One thing I’ve learned from my inability to assimilate into the working world: To get by, to be successful, to be self-sufficient, you have to be a little dull. And by dull I mean unaware of things and people that don’t matter to you and your overall earning potential.
When I’m deeply depressed, I’m numb to reality. But I’m often depressed as a result of feeling too much anxiety, of being too focused on the bigger picture. What I need to break out of my funk, is less feeling and more doing—more doing that helps me get what I want out of life.
At its core, therapy has been about making me a better consumer. If I’m “healthy” enough to work, then I can earn my own money and go out and spend it on things I don’t really need. When I’m in the throes of mental illness, however, I’m not at all productive; my “inward numbness” pits me against the system.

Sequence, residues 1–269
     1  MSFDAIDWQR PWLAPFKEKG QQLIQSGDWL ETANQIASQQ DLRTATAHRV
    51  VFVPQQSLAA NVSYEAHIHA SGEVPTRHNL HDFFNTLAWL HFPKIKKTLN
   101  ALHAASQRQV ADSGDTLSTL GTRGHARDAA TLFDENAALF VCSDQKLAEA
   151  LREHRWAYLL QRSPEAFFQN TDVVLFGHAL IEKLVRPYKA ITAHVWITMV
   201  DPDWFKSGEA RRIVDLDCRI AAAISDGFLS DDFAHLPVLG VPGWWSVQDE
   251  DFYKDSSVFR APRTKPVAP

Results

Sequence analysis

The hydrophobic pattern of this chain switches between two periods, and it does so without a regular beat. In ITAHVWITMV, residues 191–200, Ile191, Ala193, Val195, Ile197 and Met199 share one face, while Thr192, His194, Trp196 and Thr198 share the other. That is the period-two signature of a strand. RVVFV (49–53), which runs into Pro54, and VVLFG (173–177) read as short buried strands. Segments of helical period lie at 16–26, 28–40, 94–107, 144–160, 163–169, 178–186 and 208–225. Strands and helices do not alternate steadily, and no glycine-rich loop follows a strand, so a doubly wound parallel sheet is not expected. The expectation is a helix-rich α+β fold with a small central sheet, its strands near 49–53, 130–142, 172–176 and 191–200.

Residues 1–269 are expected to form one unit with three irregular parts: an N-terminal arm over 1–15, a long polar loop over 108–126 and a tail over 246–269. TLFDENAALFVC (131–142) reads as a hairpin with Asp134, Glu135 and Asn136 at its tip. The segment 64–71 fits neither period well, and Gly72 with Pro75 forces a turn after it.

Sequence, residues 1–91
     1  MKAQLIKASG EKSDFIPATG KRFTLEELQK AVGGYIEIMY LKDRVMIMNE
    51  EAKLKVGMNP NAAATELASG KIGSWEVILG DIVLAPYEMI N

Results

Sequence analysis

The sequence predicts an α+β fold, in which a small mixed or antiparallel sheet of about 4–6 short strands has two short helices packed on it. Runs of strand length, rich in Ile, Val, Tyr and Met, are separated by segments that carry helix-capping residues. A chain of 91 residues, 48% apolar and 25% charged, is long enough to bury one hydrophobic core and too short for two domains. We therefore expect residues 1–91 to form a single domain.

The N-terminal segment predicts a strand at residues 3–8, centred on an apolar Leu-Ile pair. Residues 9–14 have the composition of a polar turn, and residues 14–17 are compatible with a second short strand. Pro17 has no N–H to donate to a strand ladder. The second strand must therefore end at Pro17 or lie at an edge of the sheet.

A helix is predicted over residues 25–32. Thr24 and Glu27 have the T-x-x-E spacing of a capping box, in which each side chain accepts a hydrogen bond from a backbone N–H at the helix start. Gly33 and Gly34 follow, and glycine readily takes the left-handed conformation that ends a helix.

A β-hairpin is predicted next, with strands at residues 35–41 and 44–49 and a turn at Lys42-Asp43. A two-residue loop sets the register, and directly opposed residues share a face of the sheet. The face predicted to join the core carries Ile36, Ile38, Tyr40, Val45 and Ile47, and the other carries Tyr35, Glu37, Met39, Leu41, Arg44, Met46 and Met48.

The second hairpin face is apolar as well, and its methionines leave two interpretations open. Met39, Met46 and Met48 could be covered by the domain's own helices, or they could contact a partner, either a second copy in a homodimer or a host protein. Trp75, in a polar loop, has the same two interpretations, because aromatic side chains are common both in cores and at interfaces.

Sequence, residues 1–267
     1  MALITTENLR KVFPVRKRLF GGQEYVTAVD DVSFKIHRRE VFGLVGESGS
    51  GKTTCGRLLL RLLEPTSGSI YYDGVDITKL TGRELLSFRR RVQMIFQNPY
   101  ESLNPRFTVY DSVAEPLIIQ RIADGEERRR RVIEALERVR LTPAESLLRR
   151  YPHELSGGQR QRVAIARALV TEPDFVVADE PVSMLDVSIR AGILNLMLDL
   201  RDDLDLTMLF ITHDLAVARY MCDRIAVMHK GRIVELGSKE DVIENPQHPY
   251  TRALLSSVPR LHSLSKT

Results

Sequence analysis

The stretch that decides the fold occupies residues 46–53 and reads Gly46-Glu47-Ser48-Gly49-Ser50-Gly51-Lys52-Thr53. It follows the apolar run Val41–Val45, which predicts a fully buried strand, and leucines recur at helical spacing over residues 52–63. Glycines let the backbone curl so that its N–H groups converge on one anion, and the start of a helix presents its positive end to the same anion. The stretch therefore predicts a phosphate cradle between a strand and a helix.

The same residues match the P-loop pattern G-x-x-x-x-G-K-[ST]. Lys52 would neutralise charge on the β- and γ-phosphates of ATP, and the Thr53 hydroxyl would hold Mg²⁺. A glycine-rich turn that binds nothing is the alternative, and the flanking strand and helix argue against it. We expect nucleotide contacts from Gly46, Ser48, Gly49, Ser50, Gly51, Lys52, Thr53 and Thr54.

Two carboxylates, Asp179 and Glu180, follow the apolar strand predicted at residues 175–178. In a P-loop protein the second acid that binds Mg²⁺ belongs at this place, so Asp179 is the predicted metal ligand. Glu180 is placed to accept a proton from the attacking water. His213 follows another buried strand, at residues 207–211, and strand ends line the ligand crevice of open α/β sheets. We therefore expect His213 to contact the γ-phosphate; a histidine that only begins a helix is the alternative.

But people who display what I’ve dubbed “outward numbness” contribute to the economy, all the while caring less about what others think of them, or how mundane their money-making lives are.
Rather than turning my anger inward, into depression, I now realize that I must direct my frustrations out onto the world, so that I might make a name for myself—and a little cash in the process.